By Meaghan Kirby
March 17, 2020 at 10:54 PM EDT
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Much like Celeste Ng’s best-selling novel, Little Fires Everywhere begins at its end: firefighters combatting flames engulfing a mansion while its owner, Elena Richardson (Reese Witherspoon), watches from the curb. After the house has been reduced to rubble, the fire captain explains the situation to her and her husband Bill (Joshua Jackson!!), while three of their teenage children, Lexie, Trip, and Moody, watch from the car. Izzy, their youngest child, is missing — and that’s a problem.

The chief reveals that in the house, firefighters found “little fires everywhere.” The titular fire. But in addition to shouting out the series title, it also means the cause of the fire is arson. And we learn two things right off the bat: 1. The Richardson’s daughter Izzy is the prime suspect and, 2. Elena was in the house when it started.

That’s what happened. How did we get here? We go back four months to August 1997...

Pre-fire, the Richardsons live a comfortable modern Pleasantville existence that likely would have mortified Witherspoon’s character in the film. Elena, specifically, lives a very regimented life — tracking her weight, measuring her wine, scheduling sex. Over breakfast, we get a glimpse at the family’s dynamic: well-meaning dad Bill is a busy lawyer, elder children Lexie and Trip are popular, while Moody is more awkward. Izzy, the rebellious black sheep of the family, is late to breakfast, and when she finally shows up, she’s decided to wear pajamas to orchestra camp — a no-go as far as Elena is concerned.

A little bit later, on her way to work at a local paper, Elena spots a packed parked car in an empty lot and is naturally suspicious of it, reporting it to the police from her office.

By contrast to the Richardsons, Mia Warren (Kerry Washington), whose car Elena reported, and her daughter Pearl live a very nomadic lifestyle, never staying in one place for too long. They’re new to Shaker Heights and are sleeping in their car as they search the classifieds for an apartment. As the police cruiser approaches in the lot, Mia reminds Pearl to keep her “hands visible.” It’s a subtle but stark reminder that the Richardsons and Warrens live very different realities.

They freshen up in the grocery store bathroom and shop for basic essentials before going to check out the rental… which happens to be Elena’s. Things between Mia and Elena are tense from the start. Elena all but tells Mia that the rental is her personal charitable cause, saying it’s purposefully well below market because the Richardsons don’t need the money but want to “help others.” It’s not helped by her oblivious belittling of Mia’s art career. Pearl wanders around the apartment, marveling at the idea of having her own room, and Elena offers them the lease. But Mia is adamant about going month to month, citing her work as the reason they move around often. They appear to reach an impasse, but when Elena discovers it was Mia’s car she reported to the police, she relents and offers them the place on the spot.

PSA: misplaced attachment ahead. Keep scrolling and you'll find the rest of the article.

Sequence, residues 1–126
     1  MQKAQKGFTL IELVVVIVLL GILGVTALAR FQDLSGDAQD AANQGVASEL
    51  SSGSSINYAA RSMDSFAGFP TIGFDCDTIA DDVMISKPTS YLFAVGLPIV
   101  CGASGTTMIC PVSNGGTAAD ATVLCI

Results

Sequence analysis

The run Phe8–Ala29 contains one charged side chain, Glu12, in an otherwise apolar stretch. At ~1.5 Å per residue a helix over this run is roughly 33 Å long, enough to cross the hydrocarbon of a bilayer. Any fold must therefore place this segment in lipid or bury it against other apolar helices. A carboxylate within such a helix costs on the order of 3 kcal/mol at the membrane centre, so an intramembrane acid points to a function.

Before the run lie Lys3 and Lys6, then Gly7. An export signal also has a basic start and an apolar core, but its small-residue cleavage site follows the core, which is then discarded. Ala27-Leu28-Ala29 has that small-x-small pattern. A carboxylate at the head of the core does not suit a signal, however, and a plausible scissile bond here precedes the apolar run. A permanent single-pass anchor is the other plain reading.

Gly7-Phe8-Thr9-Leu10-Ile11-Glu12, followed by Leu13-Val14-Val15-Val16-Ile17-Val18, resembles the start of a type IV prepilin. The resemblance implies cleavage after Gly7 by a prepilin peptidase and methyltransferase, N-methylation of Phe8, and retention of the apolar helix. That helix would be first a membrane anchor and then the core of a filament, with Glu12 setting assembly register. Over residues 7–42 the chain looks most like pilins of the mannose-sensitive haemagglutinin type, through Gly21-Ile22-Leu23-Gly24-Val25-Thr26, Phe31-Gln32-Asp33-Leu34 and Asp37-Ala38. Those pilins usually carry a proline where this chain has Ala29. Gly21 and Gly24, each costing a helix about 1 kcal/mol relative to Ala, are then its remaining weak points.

Erin Simkin/Hulu

Pearl immediately buys into the Shaker Heights — the real planned community in Ohio where Ng grew up — promise, but Mia scoffs at its many stringent regulations. That night, Mia has trouble sleeping, plagued by nightmares of a man (Grey’s Anatomy’s Jesse Williams) watching her on the subway.

The next morning, at Elena’s suggestion, Moody goes to the Warrens’ to say hi. He and Pearl immediately hit it off and they’re soon hanging out every day. While painting her room, Moody sets to move onto the next wall but Pearl stops him, explaining she only paints one wall. It’s what the free sample can of paint covers and is easy to cover up before their inevitable move.

Meanwhile, Elena struggles to connect with Izzy. Elena’s always “fit in” and doesn’t understand why Izzy can’t just go with the flow. Later, her friend Linda McCullough (Rosemarie DeWitt) notes how much Lexie, who’s been watching her new baby, reminds her of a young Elena. They’re interrupted by the sound of Lexie screaming and Elena rushes in to find Izzy’s burned off a large chunk of her hair (which Elena had just called her best feature). Elena’s concern quickly turns to anger as she accuses Izzy of intentionally setting her hair on fire.

Erin Simkin/Hulu

Izzy and Elena argue over which ‘90s icon to emulate with her new cut — Drew Barrymore or Rachel from Friends — and Elena steps out to run an errand. She sees Mia, loading her car with old bike parts, wearing the uniform for Lucky Palace Chinese restaurant. She starts making (unwelcome) suggestions as to how Mia can use her art to make money, namely with portraits. Mia rebukes the idea of posed photos, saying she prefers to capture people as they really are. Elena then takes a brisk exchange to an extremely uncomfortable level, offering Mia a job at her house — not as a maid or housekeeper, but rather “house manager,” a.k.a. the same thing but with a cozier name. And Bill says as much when Elena explains how Mia balked at the offer.